News and Views
November 1998

Complementary Therapies for DepressionAn Overview

Author Affiliations

From the Department of Complementary Medicine, School of Postgraduate Medicine and Health Sciences, University of Exeter, Exeter, England.


Copyright 1998 American Medical Association. All Rights Reserved. Applicable FARS/DFARS Restrictions Apply to Government Use.1998

Arch Gen Psychiatry. 1998;55(11):1026-1032. doi:10.1001/archpsyc.55.11.1026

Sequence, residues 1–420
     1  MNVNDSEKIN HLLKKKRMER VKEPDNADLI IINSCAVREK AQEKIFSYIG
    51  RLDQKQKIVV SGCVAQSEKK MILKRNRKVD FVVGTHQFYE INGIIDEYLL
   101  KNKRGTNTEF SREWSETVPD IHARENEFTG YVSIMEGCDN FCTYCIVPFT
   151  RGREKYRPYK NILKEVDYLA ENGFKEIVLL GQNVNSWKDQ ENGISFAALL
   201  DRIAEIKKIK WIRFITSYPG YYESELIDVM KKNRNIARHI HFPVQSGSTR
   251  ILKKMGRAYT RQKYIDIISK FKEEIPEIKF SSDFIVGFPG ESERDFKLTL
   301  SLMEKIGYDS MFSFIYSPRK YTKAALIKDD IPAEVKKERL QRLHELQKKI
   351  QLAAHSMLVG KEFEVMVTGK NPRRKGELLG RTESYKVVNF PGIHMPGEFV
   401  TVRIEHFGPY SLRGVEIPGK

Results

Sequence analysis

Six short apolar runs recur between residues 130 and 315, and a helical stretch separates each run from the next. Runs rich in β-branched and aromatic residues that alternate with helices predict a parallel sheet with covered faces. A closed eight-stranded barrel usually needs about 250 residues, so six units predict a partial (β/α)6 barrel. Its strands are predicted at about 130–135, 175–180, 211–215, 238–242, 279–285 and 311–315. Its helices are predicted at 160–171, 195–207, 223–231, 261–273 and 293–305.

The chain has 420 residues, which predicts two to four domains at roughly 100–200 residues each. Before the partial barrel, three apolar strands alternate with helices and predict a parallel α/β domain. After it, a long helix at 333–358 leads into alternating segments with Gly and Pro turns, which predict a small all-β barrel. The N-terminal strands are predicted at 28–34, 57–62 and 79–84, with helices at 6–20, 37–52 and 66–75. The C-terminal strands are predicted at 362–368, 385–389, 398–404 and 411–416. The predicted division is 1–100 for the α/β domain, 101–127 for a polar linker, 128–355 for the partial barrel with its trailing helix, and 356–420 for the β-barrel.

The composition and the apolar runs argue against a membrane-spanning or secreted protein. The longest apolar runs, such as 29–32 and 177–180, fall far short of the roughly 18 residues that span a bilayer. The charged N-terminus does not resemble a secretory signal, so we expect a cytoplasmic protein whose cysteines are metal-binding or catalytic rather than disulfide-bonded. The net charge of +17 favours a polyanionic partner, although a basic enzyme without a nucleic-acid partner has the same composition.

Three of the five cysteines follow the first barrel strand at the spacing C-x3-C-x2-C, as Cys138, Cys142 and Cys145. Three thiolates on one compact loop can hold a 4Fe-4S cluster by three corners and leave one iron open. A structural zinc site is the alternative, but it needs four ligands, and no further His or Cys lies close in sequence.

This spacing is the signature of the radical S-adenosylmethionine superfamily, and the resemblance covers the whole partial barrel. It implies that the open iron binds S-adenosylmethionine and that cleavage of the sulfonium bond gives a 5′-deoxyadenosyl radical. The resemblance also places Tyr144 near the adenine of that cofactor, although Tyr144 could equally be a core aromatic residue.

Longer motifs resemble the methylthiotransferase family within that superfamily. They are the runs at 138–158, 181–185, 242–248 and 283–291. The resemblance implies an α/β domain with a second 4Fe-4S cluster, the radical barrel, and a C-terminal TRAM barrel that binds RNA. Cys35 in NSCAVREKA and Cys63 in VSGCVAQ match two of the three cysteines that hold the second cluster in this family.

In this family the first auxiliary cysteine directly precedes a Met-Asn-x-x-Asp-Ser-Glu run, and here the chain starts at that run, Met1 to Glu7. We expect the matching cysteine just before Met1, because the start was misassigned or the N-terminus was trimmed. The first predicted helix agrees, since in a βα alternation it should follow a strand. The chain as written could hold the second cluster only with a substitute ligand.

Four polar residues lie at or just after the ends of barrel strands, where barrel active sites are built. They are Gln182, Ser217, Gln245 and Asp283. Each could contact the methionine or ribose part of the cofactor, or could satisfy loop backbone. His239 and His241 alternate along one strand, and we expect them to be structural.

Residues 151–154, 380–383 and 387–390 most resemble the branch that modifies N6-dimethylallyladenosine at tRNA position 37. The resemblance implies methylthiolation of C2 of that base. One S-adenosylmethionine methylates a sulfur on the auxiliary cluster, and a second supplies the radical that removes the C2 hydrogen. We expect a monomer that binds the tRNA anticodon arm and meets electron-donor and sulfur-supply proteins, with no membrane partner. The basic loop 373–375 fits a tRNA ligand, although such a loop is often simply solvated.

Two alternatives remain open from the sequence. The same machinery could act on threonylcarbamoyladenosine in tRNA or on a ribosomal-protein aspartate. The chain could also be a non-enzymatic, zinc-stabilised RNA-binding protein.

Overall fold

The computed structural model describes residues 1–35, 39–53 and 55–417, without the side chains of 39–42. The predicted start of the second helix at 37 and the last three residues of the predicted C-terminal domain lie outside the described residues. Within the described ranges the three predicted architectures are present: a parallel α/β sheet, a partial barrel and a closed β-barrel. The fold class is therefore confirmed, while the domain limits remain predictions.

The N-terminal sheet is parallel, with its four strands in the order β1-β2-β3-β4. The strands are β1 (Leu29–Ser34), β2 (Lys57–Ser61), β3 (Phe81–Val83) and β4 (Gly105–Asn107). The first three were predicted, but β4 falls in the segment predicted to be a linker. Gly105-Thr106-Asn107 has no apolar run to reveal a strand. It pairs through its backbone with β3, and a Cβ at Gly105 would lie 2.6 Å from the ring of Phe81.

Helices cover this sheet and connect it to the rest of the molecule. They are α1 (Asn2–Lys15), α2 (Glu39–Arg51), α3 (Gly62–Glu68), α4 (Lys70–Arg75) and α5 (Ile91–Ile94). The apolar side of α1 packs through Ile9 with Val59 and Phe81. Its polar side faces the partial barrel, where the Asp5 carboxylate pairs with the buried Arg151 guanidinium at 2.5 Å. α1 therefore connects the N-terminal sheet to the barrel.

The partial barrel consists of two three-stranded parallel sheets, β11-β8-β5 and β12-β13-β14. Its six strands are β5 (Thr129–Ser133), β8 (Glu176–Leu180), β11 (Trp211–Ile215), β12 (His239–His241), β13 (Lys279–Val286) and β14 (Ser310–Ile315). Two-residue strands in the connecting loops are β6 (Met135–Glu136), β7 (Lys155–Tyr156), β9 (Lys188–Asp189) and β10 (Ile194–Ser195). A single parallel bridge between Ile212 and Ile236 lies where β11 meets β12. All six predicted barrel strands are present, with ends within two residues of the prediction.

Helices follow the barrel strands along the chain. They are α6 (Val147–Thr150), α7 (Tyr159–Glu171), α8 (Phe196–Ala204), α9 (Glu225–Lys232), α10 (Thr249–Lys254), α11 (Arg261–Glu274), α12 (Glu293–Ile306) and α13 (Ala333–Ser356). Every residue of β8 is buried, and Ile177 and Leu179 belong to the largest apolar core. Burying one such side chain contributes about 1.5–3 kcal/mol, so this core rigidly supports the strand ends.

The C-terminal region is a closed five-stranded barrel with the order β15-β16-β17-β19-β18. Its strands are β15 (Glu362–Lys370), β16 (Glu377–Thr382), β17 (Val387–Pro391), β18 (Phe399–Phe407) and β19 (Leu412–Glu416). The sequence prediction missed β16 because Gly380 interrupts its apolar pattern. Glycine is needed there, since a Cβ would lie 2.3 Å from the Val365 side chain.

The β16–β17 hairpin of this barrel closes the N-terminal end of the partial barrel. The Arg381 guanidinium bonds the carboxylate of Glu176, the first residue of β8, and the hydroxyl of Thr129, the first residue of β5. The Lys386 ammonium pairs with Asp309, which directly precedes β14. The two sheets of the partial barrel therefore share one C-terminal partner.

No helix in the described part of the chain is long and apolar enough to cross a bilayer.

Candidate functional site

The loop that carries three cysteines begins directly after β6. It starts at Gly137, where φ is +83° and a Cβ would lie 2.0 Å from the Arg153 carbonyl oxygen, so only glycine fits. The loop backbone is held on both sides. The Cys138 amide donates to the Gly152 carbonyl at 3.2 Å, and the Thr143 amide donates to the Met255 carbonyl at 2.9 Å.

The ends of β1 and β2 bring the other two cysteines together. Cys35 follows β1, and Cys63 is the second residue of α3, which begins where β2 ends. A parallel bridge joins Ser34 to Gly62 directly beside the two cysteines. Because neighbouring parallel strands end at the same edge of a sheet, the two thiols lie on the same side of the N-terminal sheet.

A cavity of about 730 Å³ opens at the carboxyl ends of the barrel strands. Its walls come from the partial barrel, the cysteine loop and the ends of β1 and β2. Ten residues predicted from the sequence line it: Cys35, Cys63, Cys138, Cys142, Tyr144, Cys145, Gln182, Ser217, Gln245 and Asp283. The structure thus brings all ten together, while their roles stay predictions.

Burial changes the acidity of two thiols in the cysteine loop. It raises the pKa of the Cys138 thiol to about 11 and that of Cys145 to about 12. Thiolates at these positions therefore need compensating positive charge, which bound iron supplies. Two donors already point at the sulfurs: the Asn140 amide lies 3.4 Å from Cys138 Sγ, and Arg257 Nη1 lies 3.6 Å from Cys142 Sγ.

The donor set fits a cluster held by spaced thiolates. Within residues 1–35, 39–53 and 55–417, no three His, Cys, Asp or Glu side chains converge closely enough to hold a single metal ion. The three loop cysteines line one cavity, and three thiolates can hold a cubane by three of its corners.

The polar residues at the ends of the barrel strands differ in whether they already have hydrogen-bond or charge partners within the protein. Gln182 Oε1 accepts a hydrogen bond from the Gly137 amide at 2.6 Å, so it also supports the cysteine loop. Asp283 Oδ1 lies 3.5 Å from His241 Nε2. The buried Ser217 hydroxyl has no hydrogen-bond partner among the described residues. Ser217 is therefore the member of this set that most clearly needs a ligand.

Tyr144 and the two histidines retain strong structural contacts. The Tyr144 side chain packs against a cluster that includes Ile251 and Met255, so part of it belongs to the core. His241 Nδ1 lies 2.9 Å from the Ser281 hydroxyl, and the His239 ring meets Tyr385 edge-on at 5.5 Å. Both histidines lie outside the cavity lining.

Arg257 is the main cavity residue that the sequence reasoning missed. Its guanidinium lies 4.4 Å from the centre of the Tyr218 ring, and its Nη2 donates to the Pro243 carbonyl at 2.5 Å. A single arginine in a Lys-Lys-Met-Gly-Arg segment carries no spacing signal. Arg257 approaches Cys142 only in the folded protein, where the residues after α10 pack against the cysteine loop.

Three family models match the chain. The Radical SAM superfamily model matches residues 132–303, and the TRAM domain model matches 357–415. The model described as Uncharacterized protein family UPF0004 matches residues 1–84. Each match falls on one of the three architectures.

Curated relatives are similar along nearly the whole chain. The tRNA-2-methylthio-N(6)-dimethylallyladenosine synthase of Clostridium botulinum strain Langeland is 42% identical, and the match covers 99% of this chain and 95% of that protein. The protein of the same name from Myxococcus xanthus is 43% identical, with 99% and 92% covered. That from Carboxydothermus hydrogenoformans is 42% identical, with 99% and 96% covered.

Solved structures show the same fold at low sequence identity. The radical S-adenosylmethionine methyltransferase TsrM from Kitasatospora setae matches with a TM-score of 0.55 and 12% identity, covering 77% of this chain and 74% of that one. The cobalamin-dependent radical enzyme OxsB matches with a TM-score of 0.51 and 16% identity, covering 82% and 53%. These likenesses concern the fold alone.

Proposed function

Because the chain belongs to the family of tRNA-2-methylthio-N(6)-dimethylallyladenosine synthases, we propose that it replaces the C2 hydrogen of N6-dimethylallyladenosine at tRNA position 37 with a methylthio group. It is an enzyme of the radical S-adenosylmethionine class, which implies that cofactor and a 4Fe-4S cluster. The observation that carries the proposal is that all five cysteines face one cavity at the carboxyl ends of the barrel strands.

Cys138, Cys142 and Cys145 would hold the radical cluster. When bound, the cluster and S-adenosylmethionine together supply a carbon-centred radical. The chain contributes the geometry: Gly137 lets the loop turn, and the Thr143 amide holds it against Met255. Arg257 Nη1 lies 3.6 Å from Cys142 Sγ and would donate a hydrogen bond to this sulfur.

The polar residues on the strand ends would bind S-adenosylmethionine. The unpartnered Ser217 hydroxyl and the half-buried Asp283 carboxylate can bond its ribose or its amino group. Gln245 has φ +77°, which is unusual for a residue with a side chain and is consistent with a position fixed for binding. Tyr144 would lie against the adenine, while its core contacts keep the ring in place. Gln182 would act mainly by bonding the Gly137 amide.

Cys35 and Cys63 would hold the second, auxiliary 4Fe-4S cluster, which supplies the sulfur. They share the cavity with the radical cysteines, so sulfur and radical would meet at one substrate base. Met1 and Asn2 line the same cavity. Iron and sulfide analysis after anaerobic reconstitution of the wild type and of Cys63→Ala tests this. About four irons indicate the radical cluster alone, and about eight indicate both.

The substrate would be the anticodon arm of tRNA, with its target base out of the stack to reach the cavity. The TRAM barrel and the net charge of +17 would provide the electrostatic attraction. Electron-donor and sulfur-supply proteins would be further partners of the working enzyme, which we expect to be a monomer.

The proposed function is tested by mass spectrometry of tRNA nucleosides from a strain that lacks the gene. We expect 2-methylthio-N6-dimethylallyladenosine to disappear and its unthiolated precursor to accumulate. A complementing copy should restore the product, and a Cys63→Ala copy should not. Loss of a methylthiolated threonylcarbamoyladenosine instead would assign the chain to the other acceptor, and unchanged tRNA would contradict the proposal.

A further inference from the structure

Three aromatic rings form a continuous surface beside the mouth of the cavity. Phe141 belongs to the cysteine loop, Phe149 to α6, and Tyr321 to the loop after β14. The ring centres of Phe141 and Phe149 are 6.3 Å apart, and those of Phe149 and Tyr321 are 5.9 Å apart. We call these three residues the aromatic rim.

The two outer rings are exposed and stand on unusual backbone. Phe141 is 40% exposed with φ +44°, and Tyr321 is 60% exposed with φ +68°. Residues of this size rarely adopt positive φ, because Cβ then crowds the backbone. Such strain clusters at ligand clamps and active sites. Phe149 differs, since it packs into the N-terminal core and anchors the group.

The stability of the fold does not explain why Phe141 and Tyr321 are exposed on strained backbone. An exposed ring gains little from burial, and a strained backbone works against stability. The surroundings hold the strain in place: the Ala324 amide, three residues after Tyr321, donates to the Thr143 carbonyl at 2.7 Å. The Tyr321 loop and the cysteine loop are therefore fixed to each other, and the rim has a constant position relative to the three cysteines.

Depression is one of the most common reasons for using complementary and alternative therapies. The aim of this article is to provide an overview of the evidence available on the treatment of depression with complementary therapies. Systematic literature searches were performed using several databases, reference list searching, and inquiry to colleagues. Data extraction followed a predefined protocol. The amount of rigorous scientific data to support the efficacy of complementary therapies in the treatment of depression is extremely limited. The areas with the most evidence for beneficial effects are exercise, herbal therapy (Hypericum perforatum), and, to a lesser extent, acupuncture and relaxation therapies. There is a need for further research involving randomized controlled trials into the efficacy of complementary and alternative therapies in the treatment of depression.